Means of Deliverance Review in Downbeat
Many people who’ve heard the name Bill Laswell may have forgotten that his main axe has been the plugged-in bass, not the studio. With both hats, Laswell’s sonic vocabulary has transcended so many styles and idioms, he is without peer when it comes to not only production work but overall musical design and playing. Which is what makes Mean of Deliverance sound so radical. Here’s his first acoustic solo bass recording. Laswell’s excursions float somewhere between the meditative and simple folk material.
Laswell’s jazz cred is solid but only shows its face here and there as he riffs and improvises on the melodies he devises. The flowing “A Dangerous Road” is anything but. Built around a basic progression, this medium-tempo song allows for space and room as Laswell’s impeccably recorded bass roams, pauses, returns to the melody. “Ouroboros” carries the gait of a surfer tune along the lines of “Pipeline”, the song’s lilt furthered by Laswell’s adept use of harmonics and string pops, single lines wafting over the bottom not unlike the breeze or the sound of a car driving by an open window late at night. This all seems possible because Laswell can make magic in the studio but also because of his Warwick Alien fretless four-string acoustic bass guitar. From start to finish, Means of Deliverance has no overdubbing; perhaps an occasional loop with digital pedal.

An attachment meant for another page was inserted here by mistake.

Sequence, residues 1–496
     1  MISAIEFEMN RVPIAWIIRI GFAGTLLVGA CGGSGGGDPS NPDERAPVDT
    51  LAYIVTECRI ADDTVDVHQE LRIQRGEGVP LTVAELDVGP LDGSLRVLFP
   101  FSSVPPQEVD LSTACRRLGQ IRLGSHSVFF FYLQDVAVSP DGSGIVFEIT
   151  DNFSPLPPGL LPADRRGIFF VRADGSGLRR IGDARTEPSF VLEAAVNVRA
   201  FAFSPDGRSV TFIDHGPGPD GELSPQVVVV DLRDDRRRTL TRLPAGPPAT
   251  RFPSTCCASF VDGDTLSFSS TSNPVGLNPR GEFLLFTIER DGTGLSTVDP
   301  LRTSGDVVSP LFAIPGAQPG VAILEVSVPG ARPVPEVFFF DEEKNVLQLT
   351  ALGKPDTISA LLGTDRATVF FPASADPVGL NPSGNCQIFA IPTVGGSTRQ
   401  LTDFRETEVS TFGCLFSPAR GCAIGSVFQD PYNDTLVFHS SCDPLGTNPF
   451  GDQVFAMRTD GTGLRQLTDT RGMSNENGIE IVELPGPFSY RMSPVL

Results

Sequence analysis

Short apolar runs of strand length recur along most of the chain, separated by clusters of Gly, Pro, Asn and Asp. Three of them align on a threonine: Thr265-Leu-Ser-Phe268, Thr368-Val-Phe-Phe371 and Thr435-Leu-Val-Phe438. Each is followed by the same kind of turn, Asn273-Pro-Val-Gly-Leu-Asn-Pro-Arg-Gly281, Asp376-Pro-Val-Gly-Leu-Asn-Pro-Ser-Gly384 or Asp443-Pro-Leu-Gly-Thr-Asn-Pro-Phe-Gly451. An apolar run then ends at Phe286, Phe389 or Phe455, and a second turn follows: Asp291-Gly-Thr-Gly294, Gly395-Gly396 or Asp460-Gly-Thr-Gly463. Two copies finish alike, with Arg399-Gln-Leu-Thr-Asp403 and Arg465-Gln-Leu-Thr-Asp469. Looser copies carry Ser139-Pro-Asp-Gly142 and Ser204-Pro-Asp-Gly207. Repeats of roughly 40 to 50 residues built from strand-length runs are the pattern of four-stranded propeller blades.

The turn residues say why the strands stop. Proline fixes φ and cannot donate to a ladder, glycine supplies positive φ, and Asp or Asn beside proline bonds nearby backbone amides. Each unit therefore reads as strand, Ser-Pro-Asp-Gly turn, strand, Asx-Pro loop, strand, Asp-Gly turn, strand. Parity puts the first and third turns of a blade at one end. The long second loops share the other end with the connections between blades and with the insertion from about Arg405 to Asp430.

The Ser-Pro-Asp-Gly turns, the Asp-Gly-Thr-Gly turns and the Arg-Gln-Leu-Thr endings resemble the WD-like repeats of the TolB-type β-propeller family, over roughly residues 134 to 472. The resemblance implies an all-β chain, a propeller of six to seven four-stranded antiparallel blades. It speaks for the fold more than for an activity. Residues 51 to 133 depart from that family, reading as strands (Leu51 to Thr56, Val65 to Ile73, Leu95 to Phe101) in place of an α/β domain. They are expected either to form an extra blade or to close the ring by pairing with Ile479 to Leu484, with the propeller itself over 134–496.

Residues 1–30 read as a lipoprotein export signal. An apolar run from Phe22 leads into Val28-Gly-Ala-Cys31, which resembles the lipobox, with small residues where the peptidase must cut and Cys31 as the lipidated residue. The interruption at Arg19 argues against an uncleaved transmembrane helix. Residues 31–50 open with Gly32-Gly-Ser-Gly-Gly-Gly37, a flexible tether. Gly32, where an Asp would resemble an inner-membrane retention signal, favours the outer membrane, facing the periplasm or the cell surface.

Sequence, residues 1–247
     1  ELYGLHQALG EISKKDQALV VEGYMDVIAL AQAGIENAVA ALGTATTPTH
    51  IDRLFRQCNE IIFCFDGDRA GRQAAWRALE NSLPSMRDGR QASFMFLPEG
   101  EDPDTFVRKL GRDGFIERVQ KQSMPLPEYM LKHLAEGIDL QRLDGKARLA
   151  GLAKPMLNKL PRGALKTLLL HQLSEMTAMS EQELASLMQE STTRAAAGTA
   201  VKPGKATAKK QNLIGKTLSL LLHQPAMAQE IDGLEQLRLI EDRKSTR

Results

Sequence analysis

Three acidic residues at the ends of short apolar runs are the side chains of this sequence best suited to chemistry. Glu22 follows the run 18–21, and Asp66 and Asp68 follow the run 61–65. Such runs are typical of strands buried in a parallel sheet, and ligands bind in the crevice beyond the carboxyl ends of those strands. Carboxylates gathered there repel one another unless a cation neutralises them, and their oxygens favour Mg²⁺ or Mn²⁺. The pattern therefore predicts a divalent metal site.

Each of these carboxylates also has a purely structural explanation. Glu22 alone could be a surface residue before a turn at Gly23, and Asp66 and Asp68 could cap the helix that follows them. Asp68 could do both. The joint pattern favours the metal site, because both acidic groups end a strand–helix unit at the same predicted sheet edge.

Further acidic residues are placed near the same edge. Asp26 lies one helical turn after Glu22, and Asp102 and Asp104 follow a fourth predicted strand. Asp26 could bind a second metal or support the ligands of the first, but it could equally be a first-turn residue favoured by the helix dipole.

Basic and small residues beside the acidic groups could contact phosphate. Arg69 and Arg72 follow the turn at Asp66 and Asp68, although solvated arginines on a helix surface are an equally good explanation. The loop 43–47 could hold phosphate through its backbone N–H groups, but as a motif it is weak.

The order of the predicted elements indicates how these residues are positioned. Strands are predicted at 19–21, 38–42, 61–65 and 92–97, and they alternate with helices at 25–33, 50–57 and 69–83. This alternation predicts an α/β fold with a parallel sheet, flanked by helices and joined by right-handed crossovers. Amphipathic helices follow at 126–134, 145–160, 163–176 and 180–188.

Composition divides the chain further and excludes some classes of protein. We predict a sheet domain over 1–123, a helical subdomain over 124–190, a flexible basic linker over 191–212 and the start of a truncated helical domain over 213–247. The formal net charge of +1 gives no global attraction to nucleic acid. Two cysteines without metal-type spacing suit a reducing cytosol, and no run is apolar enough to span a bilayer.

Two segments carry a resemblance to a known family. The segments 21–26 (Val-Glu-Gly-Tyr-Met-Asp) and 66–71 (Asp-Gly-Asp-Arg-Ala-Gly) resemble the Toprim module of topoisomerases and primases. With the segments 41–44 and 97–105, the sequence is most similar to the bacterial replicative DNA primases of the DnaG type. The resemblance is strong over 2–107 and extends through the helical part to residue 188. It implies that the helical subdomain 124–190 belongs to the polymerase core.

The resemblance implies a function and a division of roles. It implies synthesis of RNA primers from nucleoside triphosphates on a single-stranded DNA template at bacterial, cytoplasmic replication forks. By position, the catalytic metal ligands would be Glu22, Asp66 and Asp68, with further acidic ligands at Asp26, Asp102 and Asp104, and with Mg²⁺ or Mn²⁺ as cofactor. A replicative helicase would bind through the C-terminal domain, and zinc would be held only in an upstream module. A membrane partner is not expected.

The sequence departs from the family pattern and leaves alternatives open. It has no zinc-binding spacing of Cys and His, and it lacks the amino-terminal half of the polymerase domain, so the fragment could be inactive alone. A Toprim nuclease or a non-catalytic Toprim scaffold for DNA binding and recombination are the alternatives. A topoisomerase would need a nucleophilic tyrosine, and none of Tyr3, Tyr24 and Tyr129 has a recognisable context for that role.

The modal “Bagana/ Sub Figura X”, along with using a sample of an Ethiopian stringed instrument, presents Ethiopian singer Ejigayehu “Gigi” Shibabaw, her high pitch moving around and around Laswell’s ostinatos and filigrees like water over rocks in a stream. The album’s centerpiece of calm, “Aeon”, proffers reassurance and more floating lines.
If there’s a downside to Means of Deliverance, it has to do with stretches that sometimes sound more like sketches, the material mirroring itself from track to track. But Laswell also communicates real life here, full of memories and incredible ease and comfort.
-John Ephland for Downbeat Magazine